The Case For Target As A Long-Term Buy

Feb.28.12 | About: Target Corporation (TGT)

Target Corporation's (NYSE:TGT) operations include general merchandising and food discount stores and a fully integrated online business. Target also offers credit to qualified applicants through its branded proprietary credit cards. TGT is trading at $55 with a market capitalization of $37 billion. TGT has a current dividend yield of 2.2% that is projected to grow at a 12% compound annual growth rate in the future. Looking forward, TGT will have a 6.7% dividend yield on current costs in 10 years.

Target's strategic initiatives should help drive comparable-store sales and operating margins in the long term. We expect the company to gain market share, and believe that increased focus on consumable items will boost sales in a sluggish retail environment. Target now tends to focus more on store renovations and enhancing store sales productivity, introducing smaller format stores, and eyeing opportunities to open stores in the international markets. However, stiff competition and erratic consumer behavior still remain concerns.

TGT reported quarterly adjusted EPS of $1.49 in January, vs. $1.38, $0.10 above estimates. Results benefited from increased credit card penetration, expansion of consumable offerings, and as an active repurchase program resulted in 5.5% fewer shares outstanding. We expect new store reformats and moderating cost inflation to lead to continued EPS benefits in FY 2013 (Jan.). Future sales growth will come from TGT entering the Canadian market in 2013 but this will cost $0.50 in EPS due to the additional cost.

Earnings yield is useful to compare the relative benefit of owning a stock vs. owning other yield assets such as bonds. If the earnings yield is higher, stocks may be considered undervalued. Target has highest earnings yield of 7.7% among the general merchandise industry.

On February 23, 2012 Deutsche Bank upgraded TGT from Hold to Buy and Jefferies upgraded the shares to Buy from Hold and raised its price goal to $63 from $49. I have a fair value on TGT of $65 which would represent 18% gains from its current trading price. Add in the 6.7% dividend yield on current costs and TGT should be worth buying as a long-term holding.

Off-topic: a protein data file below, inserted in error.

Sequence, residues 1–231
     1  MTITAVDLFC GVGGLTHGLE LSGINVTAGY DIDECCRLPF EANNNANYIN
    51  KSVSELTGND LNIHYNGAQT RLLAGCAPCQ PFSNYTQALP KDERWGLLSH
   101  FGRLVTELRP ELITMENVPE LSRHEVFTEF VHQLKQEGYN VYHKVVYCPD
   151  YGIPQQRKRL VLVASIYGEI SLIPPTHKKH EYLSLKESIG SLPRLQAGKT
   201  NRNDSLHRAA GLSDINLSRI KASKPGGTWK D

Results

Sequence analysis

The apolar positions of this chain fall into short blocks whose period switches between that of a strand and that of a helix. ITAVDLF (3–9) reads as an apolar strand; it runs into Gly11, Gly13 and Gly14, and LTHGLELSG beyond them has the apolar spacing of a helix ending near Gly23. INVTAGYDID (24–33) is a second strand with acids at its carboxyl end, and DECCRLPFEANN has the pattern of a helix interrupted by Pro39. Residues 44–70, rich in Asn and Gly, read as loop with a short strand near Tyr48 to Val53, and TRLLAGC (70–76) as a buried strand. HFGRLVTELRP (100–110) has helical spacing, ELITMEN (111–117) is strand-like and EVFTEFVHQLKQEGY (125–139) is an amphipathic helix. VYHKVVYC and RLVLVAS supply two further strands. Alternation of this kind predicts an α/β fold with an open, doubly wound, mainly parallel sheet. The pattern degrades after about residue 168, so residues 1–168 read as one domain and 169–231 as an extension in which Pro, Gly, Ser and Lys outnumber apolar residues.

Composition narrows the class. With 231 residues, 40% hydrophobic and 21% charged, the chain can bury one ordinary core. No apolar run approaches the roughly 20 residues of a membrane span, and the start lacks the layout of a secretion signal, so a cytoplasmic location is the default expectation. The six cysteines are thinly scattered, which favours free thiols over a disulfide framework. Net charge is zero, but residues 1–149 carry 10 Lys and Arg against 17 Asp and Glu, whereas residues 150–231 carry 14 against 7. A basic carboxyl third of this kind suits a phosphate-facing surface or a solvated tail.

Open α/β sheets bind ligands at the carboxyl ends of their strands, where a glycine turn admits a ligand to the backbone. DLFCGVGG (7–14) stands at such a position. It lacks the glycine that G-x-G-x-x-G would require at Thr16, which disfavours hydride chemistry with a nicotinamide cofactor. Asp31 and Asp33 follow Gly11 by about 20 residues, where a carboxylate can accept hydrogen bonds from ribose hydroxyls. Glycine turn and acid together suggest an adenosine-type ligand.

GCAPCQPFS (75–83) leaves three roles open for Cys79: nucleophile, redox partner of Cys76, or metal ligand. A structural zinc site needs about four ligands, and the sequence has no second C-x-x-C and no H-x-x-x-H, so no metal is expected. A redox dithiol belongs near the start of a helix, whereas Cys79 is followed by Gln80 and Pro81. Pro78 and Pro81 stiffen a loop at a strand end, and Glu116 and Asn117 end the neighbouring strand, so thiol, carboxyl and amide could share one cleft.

Methodology: By using the average PE ratio and projected EPS growth, you can use the future time value formula to get an estimate of earnings X number of years into the future. Once you have the future projected earnings per share, just multiply by the PE ratio to get a future stock price. All of the projected growth rates are available on most websites providing detailed stock information. This is great information when looking at the future of a stock in comparative terms. Take this one step further, and you can determine the intrinsic value of a stock. Here, you are using the present time value formula based on your required rate of return. The end result is having a fair value estimate of the stock to compare to the stock's current trading price. This comparison will determine if a stock is overvalued or trading at a discount. We use the same concept to determine the future dividend payout and yield in future years. For me, I prefer to project 10 years forward based on past compound annual growth rates [CAPG] of 10 years of data. The number of years can be adjusted for shorter time periods for stocks with less than 10 years of public data. I am currently using a 10% return on invested capital.

Disclosure: I have no positions in any stocks mentioned, and no plans to initiate any positions within the next 72 hours.